In case you missed the Parade of Planets with the Moon in June 2022, here is a beautiful record of the event. This photo was taken on June 24, 2022 at 4:35 am:
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Published on June 22, 2022:
Dear readers, we are pleased—and a bit stunned—to announce that our “Parade of Planets” post reached 10 million people over the course of the last 10 days. Thank you for taking the time to share this rare astronomical event with your friends, families, and classrooms around the world. Many of you voiced questions, so we wanted to take a moment to provide answers. We consulted our esteemed astronomer, Joe Rao, to give you accurate information that you can trust. Read on to learn when and where to witness this special moment!
What is a Parade of Planets?
Catch a glimpse of a rare sky event beginning on Midsummer morning (and occurring again on the mornings of June 25 and 26). All five “naked-eye” planets—along with the Moon—will be visible in the sky at once! To view, simply step outside at approximately 40 minutes before your local sunrise. (Look east to south.)
The most interesting part? They will be arranged in their true order from the Sun: Mercury, Venus, the Moon, Mars, Jupiter and Saturn! The last time that a similarly compact parade of planets graced our skies was in 1864! (These planets were visible in 2020 but not in this particular order.)
Your Frequently asked questions
1) What time is best to look for the Parade of Planets?
Look 40 minutes before sunrise on the morning of June 24, 2022. (However, this planetary alignment—including the Moon—will be visible through the weekend at approximately the same time before sunrise each day until Sunday, June 26.) Look up the sunrise time for you area.
2) 40 or 45 minutes before sunrise? How specific is the timing?
Each planet will emerge on its own from the eastern horizon, beginning with Saturn at around 5 hours before sunrise. Then the others will follow. By 40 minutes before sunrise, Mercury (the last of the five planets to join the parade) will be visible just above the horizon. They will appear across the sky along a line from lower left (Mercury, east-northeast) to upper right (Saturn, due south).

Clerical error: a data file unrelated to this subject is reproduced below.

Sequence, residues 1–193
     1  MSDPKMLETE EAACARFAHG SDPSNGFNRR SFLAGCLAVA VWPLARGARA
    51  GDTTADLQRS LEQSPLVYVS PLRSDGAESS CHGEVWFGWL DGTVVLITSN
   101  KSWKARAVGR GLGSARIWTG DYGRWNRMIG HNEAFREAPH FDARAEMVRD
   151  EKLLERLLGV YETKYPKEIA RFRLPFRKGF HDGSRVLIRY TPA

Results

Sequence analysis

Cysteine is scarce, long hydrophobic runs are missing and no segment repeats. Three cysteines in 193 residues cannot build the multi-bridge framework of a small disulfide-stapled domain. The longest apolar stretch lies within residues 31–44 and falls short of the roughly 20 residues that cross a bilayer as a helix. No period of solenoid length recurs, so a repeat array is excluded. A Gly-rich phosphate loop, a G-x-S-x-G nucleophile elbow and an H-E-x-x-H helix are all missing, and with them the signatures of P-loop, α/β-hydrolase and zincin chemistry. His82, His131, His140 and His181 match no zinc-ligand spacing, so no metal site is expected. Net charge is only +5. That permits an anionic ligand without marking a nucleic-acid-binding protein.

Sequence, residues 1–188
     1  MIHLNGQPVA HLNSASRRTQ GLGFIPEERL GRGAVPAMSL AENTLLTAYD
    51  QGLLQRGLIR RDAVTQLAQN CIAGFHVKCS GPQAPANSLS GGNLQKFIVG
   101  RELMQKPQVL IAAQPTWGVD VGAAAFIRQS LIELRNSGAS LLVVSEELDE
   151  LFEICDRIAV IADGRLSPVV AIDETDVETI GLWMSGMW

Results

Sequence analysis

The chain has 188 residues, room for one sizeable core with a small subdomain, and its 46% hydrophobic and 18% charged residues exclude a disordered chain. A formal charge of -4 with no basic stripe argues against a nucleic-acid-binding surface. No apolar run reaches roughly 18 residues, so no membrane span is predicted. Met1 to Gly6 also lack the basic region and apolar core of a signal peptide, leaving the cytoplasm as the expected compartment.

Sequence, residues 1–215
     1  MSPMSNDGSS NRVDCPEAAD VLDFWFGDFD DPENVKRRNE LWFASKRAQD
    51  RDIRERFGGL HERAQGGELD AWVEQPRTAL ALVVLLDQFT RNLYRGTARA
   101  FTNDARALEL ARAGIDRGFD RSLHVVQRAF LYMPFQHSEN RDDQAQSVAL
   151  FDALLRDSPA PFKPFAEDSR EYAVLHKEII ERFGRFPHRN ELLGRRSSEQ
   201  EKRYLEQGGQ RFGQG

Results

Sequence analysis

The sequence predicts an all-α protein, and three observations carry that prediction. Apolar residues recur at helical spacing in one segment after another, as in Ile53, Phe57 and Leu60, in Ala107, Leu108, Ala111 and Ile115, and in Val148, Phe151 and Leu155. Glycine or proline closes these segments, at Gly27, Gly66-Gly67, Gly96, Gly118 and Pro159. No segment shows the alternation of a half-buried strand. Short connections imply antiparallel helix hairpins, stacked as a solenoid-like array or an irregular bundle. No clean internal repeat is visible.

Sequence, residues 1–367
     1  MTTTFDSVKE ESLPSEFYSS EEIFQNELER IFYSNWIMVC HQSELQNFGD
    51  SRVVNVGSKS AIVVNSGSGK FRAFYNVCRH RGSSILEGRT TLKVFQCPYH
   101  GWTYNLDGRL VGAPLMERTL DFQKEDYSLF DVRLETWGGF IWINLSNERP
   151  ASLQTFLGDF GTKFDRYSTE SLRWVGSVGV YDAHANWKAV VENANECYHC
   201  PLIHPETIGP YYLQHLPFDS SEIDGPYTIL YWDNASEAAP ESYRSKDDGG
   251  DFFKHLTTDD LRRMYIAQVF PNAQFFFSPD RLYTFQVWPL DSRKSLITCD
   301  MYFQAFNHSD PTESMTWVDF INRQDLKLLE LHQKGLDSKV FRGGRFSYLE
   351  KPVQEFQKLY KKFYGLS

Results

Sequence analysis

3) Is this event only visible in the Northern Hemisphere?
No, it will be visible just about everywhere on the planet. In the Southern Hemisphere, all five planets will be visible about 40 minutes before sunrise, but instead of looking along a diagonal line from lower left to upper right, the planets will be oriented along a line almost perpendicular to the east-northeast horizon—going almost straight up! In fact, the array is more favorably placed for far-southerners (Cape Town, Santiago, Sydney, Auckland) compared to those living in the Northern Hemisphere. Mercury, for instance, appears higher above the horizon “down there” as opposed to those who are at mid-northern latitudes.4
4) Which US states or cities will have the best view?
Longitudinal differences (east to west locations) are about the same, but Latitude is a factor. The farther south you are, the higher up in the sky the planets will appear. So, in the United States, a place like Miami has a slight edge over cities like Chicago or Seattle.
5) Will the planets be in a straight line?
If you were to imagine a smooth arc stretching from Mercury to Saturn, the other three planets would not be positioned exactly on that arc, but pretty close to it.
6) Will the planets look like bright stars?
The planets indeed resemble stars (of varying brightness). Unlike stars, planets seldom twinkle. Over a span of days or weeks they appear to wander in the heavens—as opposed to the stars which remain rooted in their positions.
7) Do you need a telescope?
No, no telescope is necessary to see the Parade of Planets.
8) Will Saturn’s rings be visible?
Saturn’s rings are not visible with the naked eye. If you have binoculars magnifying 25x you might be able to pick them out.
9) Only on Friday, June 24? How about over the weekend?
You’ll be able to see the alignment of the planets until the end of June. However, the Moon will be positioned between Mars and Venus Friday through Sunday morning. On Sunday, the Moon will be right next to Venus making for a beautiful celestial tableau at about 45 minutes before sunrise.
Do you plan on watching? Let us know in the comments below!